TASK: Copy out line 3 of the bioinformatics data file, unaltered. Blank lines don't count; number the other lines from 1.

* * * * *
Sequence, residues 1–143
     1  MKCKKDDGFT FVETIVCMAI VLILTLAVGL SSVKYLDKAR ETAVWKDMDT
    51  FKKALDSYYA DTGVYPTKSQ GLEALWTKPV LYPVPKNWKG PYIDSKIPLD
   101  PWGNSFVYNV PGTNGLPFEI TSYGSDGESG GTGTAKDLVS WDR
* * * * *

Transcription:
    51  FKKALDSYYA DTGVYPTKSQ GLEALWTKPV LYPVPKNWKG PYIDSKIPLD